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Child Support Facts: How Much Child Support Will You Have to Pay?

If you’re involved in a divorce proceeding, child support will be a major factor.

Each state has its own child support calculations.

For the most accurate picture of how much support you will owe, talk to a local divorce attorney.

If you’re supposed to receive child support payments and are not, you have legal enforcement options. Talk to an attorney.

How is Child Support Determined?

Many states establish strict child support guidelines based on the percentage of net income and the number of children, or a formula incorporating the income of both parents.

In some states, courts are allowed to deviate from these guidelines if it is in the best interest of the child.

In general, courts may consider the following factors:

  • The child’s housing and living needs
  • The child’s medical needs
  • The needs of the custodial parents and their financial resources
  • The type of life the child would have had if he couple had not divorced
  • The child’s physical and emotional condition
  • The child’s educational needs
  • The needs of the non-custodial parent and their financial resources
  • The jobs and income of both parents

Average Child Support Payments

As you can see, there are a variety of factors in determining child support payments.

It’s hard to determine what you’ll have to pay without talking to a family lawyer first.

The average child support payment is $280 per child, per month, according the a U.S. Census Bureau report.

The report also mentions that only half of people who were supposed to pay child support actually paid the full amount.
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What Happens if You Refuse to Pay Child Support?

If you have been ordered to pay child support and refuse to comply with the obligation, the court or a state agency may take the following actions against you:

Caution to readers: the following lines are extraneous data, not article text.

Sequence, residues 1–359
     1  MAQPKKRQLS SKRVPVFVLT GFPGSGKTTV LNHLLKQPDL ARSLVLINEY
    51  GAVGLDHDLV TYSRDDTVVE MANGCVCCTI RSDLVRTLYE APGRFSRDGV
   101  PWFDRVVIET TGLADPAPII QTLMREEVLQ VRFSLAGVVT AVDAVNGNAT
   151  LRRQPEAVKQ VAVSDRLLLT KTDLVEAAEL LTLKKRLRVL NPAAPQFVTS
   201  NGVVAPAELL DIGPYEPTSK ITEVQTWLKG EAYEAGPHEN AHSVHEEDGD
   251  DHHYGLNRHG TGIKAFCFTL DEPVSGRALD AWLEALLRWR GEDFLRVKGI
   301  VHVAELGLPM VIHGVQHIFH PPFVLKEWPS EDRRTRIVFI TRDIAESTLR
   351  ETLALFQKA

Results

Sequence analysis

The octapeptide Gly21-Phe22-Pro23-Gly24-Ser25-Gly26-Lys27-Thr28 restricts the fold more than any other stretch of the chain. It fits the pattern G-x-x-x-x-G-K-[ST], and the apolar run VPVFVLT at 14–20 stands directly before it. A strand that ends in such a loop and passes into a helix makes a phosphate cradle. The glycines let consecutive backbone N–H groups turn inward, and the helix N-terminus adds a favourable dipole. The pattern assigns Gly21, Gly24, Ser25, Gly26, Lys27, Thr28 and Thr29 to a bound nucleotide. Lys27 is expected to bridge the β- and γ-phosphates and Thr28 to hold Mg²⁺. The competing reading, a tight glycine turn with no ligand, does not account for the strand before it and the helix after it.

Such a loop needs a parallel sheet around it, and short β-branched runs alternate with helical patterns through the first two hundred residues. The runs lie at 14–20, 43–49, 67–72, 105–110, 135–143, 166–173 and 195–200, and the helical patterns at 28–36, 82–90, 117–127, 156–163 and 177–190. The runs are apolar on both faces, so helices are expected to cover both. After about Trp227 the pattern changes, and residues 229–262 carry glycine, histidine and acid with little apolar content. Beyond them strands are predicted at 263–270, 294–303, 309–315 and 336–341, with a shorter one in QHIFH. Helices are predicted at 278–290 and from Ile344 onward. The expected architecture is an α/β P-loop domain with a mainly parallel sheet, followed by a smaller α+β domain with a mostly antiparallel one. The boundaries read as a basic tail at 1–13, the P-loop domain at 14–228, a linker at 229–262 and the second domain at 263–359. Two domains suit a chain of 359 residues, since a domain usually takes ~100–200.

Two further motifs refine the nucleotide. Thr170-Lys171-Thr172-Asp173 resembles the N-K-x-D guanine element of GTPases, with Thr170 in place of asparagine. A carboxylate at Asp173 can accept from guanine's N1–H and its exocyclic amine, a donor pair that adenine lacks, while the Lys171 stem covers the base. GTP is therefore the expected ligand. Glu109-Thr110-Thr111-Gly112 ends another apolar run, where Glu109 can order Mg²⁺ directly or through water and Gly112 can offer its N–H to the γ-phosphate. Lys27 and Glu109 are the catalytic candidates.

• Suspension of your driver’s license
  • Loss of visitation privileges
  • Publication of your name on “deadbeat” mom or dad list
  • Automatic subtraction of your child support money from your paycheck, tax refunds or public assistance checks
  • Revocation of any professional licenses you may have

Can You Be Sent to Jail for Not Paying Child Support? Yes.

In most states, there are two ways that you can be sentenced to jail for failure to pay child support:

  • Through a contempt citation for failure to comply with the court order
  • Through prosecution for criminal non-support

If you’re facing wage garnishment or jail time for not paying child support, contact a criminal defense attorney immediately.

Want to Pay Child Support but It’s Too Expensive? Get a Modification of Child Support Order

If you have a valid reason that you are temporarily unable to make your child support payments, do not simply ignore your obligation.

Rather, ask the court to modify your amount of child support.

Courts may grant a child support modification under the following circumstances:

  • A significant drop in your income
  • A serious sickness or disability
  • A change in the child’s condition (inheritance or age)
  • A change in the condition of your former spouse (diminished living expenses or higher income)

If you need to further discuss child support or custody matters with a divorce attorney, contact Total Lawyers at 877-421-3761 or complete our divorce case evaluation form.

You may immediately be connected to a divorce attorney within your area.

representative available 24/7 – Call 877-421-3761